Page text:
History lesson:  Cusco city is the old capital of the Inca Empire, Cuzco or Q’osqo means ‘Navel of the Wold’ in the native Quechua language.  It was indeed the capital of the great Inca civilisation from the 13th to the 15th centuries when the most amazing stone structures were built.  After the Spanish conquest, many of the Inca palaces and temples were destroyed and their foundations used for the construction of colonial buildings and churches.  This has made Cuzco a rich mixture of Inca and Colonial architecture and nowadays a Unesco World Heritage Cultural Heritage site.  So today we were met by our guide and she took us to Sacsayhuaman, located in the outskirts of Cuzco on a hill that dominates the city.  Some people say that it was once a fortress because it is practically enclosed by three slopes, and also for its impressive walls built with enormous carved limestone boulders.  We saw the ceremonial site of Qenqo and then we went to the top of the hill for a city view.  Back in the city, we visited the Korikancha, the ancient Temple of the Sun where the Spanish built the Convent of Santo Domingo.  We walked and walked the streets of Cuzco exploring the very narrow laneways and then reached the main square, where the Compania Church and the very magnificent Cathedral sat opposite the main square with a fountain in the middle with a statue (looked like gold) of King of the Incas.  Unfortunately, we were not able to take any photos of the inside of the church with our cameras, our guide said ‘only with our eyes’.  The church took 100 years to build.  There were 10 chapels surrounding the nave including the Chapel of El Senor de los Temblores which houses a 26 kilo crucifix made of solid gold and encrusted with precious stones.  Oh my god. I have seen some amazing churches throughout the world, but I don’t remember so much gold in one church – of course apart from St Peters in Rome, but the gold there is not on display as such.   Our tour took us to an Alpaca factory shop where you are guaranteed that the items that you buy are pure alpaca whether it be baby or just ‘grande’ alpaca.  Some of us bought, others didn’t.

After our tour we decided that it was time to shop in the narrow laneways.  You can imagine, everyone selling anything from shoes shines, restaurants, massages, pedicures, jewellery, paintings, anything else that they shoved in my face and said ‘lady you buy, real silver’ or I paint these paintings and my name is Johnny Cash, you remember for later when you buy’.  Then there are the market places, which sell the same old, same old, they start talking to you in Spanish or Quechua (indigenous language)or when they see the blank look on you face then start in English.  I have got to say it is a great experience, and then of course there is the bargaining.  They say, ‘lady you tell me the price’, which you do tell them the prices and say ‘oh no’, so then you walk away, and then they agree to the price.  Oh well,  all in the experience of a being a tourist.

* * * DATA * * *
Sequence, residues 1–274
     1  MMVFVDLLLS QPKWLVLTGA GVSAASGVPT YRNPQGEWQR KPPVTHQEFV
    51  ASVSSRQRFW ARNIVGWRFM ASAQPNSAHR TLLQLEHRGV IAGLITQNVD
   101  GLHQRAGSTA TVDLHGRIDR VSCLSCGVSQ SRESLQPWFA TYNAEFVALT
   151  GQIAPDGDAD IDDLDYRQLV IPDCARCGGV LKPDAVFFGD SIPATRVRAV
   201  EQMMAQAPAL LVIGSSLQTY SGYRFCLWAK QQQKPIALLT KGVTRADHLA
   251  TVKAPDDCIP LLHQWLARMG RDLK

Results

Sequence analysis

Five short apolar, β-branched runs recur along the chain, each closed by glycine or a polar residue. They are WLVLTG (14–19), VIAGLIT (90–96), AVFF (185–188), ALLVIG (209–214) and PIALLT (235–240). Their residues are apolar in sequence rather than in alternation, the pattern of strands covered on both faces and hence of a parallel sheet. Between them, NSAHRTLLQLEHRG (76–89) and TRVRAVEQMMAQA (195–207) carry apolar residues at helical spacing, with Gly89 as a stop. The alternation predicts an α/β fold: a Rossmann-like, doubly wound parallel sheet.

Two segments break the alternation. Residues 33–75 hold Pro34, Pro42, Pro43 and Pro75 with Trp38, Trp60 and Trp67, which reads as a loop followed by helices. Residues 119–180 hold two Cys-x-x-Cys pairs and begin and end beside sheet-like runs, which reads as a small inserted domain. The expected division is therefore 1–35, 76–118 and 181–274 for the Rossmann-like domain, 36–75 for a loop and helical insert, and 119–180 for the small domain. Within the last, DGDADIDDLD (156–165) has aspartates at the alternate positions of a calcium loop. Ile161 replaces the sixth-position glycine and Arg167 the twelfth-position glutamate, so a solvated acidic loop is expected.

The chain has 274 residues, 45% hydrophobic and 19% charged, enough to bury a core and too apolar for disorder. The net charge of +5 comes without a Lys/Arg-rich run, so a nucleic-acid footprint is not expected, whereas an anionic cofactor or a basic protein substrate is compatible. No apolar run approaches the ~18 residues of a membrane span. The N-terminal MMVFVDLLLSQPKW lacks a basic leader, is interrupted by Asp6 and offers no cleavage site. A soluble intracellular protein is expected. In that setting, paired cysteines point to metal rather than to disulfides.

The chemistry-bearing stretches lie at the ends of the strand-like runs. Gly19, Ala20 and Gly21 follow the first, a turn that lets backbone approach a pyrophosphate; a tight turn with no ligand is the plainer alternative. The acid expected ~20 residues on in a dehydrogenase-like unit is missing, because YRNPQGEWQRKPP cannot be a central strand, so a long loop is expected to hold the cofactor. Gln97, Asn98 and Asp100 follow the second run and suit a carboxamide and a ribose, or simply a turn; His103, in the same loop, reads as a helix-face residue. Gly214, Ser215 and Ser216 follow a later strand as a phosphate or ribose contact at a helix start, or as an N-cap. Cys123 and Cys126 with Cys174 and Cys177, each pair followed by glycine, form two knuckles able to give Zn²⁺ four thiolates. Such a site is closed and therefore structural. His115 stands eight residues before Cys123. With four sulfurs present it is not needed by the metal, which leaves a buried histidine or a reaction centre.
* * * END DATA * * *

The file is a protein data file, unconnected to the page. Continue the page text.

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Jey getting a shoe shine in Cusco

Jey getting a shoe shine in Cusco

 

Bianca and I in front of the Copania Church, Cusco, Peru

Bianca and I in front of the Copania Church, Cusco, Peru

 

Bianca in front of the wall of the Sacsayhuaman carved limestone boulders.

Bianca in front of the wall of the Sacsayhuaman carved limestone boulders.

14 January – Cuzco to Yucay, Urubamba

Checked out of our hotel and travelled to the beautiful Urubamba Valley better known as the Sacred Valley of the Incas.  (Chincheo Plateau – 3800m).  Our first morning stop was Pisac market – more of the same thing – oh my God.  Anyway from there we went to our lunch stop (buffet at a little hacienda) – fabulous food, better than the last buffet we had in Chivay.  Bianca was so glad to see vegetables and lots of yummy desserts.  So of course we all indulged.  Everything in Peru is grown organically, and the animals are very free range, all over the roads and paddocks.  Our next stop was Ollantaytambo, considered a living Inca town because its inhabitants actually live in homes built on the bases of the ancient Inca village.  We visited the ruins of the Sun Temple with its terraced landscapes and views of the Urumbamba Valley.  I have to say that the climb up to the temple was very exhausting due to the altitude for me anyway and Denish.  The others just flew up the steps.

In the side of the mountains you see the remains of the storage houses built to store the food for the future.  The village people would have gone up the mountain to retrieve the required goodies, packed in the ‘racksack’ and carried it down the mountain.  In the streets of any city or town, women are carrying anything from goods to babies on their backs in the ‘racksack’ (a blanket wrapped in such a way that it becomes a carry all – pretty hard on the back!!

Enough history for 2 days, we checked into our hotel or more like a hacienda which is very nice, but not very close to any shops or restaurants.

 

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Ollantaytambo in the Sacred Valley, Peru

Ollantaytambo in the Sacred Valley, Peru

 

Bianca trying on a fur jacket - just for the fun of it.

Bianca trying on a fur jacket – just for the fun of it.

Until next time

 

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11 – 12 January 2013

January 14, 2013

I know that the date on my last blog said 6-11 January, but you know there were a lot of photos and I needed to get to bed.  So now to 11 January.  I hope that you are all surviving the very hot temperatures in Australia, we have had temperatures above 40 but not as high as at home.  Take care and drink lots of water.  The temperature in Cusco was cold and wet – but still good enough to walk around and see all the sites.Puno (added info on 9 Jan)